Our first dispatch from France comes from Naudline Pierre MFA 2017.
The Normandy region. What a lush place—the colors are so fresh and vibrant: golds, greens, more greens, and all manner of chromatic excitements found in the flora. This place is like a dream. Old medieval towns with faces and figures carved into their wooden beams, church bells ringing to signal the passing of time. I kid you not, I saw (on several occasions) butterflies dancing with each other mid-air, going up, up, up in circles like something out of Disney’s Cinderella.
I’d been in Paris for a little over a week trying to live like a local before I met my fellow residents, Matthew Durante and Jorge Vasquez at Gare St Lazare to ride the commuter train to Vernon-Giverny. We got on the 12:17 pm train. I got to practice my French. Less than an hour later, we arrived (along with a large group of tourists who were very ready to see Monet’s garden). We followed the masses with our luggage and, eventually, Miranda Fontaine, our glorious residency coordinator and now friend, found us at the end of Rue Claude Monet. Kristina Reddy, another resident, would join us a few hours later, rounding out our group of four.
The Terra Foundation so generously gave us a car to use during our residency and we hopped in it and drove to Vernon, guided by Miranda. She showed us the framer’s shop that carries some essential art supplies. I bought a huge tube of Prussian blue—very impulsive but it felt right. Miranda also showed us our grocery store and then took us to a beautiful little cheese shop where the Camembert smelled just right. Later that day, we went for a hike up a hill and followed a path into some farmland where the grass was tall and the breeze was just right. Then I got that feeling, you know, when you squint your eyes and you feel like you’re out of your body and time slows down a little and you’re acutely aware of your surroundings and the sound of the bees and the ostrich slowly stalking you from behind a fence. Yes, we found a field with an ornery ostrich. In the French countryside. I really did experience that feeling, though. The ostrich was just the cherry on top. Later, we set up the studio, and got to work.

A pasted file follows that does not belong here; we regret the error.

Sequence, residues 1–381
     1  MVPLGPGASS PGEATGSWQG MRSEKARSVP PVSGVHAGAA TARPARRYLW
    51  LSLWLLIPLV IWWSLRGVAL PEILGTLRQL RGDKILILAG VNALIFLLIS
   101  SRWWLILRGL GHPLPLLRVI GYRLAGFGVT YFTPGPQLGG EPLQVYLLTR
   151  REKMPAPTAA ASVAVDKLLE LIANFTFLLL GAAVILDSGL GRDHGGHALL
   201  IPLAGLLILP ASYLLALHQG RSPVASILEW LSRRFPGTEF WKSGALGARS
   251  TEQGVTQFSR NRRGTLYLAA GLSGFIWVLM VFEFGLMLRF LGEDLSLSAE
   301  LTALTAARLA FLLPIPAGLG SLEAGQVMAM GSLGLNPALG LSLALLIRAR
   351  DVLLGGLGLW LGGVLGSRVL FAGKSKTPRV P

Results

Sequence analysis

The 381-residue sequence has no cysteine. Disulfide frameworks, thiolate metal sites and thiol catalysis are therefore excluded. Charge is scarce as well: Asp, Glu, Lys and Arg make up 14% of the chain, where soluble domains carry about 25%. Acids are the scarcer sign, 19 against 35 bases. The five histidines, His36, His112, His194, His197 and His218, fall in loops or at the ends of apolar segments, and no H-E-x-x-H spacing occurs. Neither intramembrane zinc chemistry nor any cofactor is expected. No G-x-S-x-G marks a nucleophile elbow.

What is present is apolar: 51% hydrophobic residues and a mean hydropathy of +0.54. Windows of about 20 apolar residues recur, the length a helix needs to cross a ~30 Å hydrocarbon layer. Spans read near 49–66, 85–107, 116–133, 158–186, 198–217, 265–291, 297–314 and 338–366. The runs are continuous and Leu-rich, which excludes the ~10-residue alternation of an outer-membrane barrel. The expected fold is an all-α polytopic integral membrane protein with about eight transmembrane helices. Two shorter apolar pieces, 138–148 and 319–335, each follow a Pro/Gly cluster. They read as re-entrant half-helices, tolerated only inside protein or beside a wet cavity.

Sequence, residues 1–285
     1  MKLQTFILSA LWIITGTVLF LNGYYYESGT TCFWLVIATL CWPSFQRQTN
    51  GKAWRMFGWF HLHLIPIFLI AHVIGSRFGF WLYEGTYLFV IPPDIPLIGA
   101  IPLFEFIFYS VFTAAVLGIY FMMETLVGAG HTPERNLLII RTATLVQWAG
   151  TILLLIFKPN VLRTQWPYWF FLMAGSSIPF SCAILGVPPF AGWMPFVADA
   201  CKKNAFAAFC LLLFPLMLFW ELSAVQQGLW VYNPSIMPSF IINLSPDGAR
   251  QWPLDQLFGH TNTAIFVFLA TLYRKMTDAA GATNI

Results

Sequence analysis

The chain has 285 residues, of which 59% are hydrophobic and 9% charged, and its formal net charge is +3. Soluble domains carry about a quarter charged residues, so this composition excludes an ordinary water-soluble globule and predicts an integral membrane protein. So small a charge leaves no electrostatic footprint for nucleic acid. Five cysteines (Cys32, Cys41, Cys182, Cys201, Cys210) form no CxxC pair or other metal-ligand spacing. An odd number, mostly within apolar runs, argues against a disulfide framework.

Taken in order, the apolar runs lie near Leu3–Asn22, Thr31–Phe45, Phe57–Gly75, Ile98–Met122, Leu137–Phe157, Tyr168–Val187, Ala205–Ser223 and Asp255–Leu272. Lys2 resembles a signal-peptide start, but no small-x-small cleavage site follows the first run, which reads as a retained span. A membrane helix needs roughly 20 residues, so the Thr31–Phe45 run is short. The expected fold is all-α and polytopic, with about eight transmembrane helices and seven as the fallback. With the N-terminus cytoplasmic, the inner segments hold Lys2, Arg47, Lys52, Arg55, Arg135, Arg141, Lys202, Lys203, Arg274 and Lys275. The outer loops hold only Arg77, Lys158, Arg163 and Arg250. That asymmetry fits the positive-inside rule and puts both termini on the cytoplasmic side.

Sorolla! Giverny is also home to Musee des Impressionnismes, which currently has a huge Sorolla show up. The light in his paintings! The color! The luminosity! I was itching to paint as soon as I left the exhibition—thankfully our house was across from the street from the museum. Later, in the studio, my brushstrokes were more free and loose.
Miranda invited us to have early evening cider and snacks in Le Hameau’s (her office) courtyard, where we met her husband, François, and Jan, our friend who makes magic happen at Monet’s garden. After the cider, Jan gave us a private, after-hours, VIP tour of the garden, lilies and all. The setting sun looked like glitter coming through the spaces between the bamboo shoots. Later, in the studio, the colors of the garden made their way into my paintings.
After a productive day in the studio, we ended our first week with a “cocktail dinotaire” in Jan’s courtyard under a beautiful tree complete with baby doves in its branches. I’m not joking about the doves. We enjoyed a beautiful meal and met the rest of Jan’s team: Inés, artist-in-residence, Dante, and Luis, who are both artists and horticulturists. We toured Inés and Dante’s studio and chatted about art.
Work, work, work, work, work…
At some point during days 6-11, Jorge, Matt, and I took a late night bike ride. The air was cool and crisp. And on day 9, we drove to Lavacourt to have dinner at Miranda’s beautiful home were we sat with our new friends and watched barges go by on the Seine. There was an incredible moonrise and, again, the air was cool and crisp.
We organized a small open studio event, where we had our new friends come and see what we’ve been working on. We had great conversations with our guests, and after they left, the four of us talked late into the night, sharing stories.
I’m writing this entry feeling incredibly grateful for this experience. We’ve been shown an immense amount of hospitality. Although my time here isn’t up yet (we have 10 days left), this place has influenced me with its colors, flora, people, and quiet, lush beauty. Just yesterday, Kristina, Jorge, and I sat on the couch with some tea to watch the rain fall in the backyard. Painting the landscapes here have been a beautiful experience that has strengthened my eye for color and light. This place is just what I needed to dive deep into my imagination and create from that subconscious place where color and texture and meaning come naturally.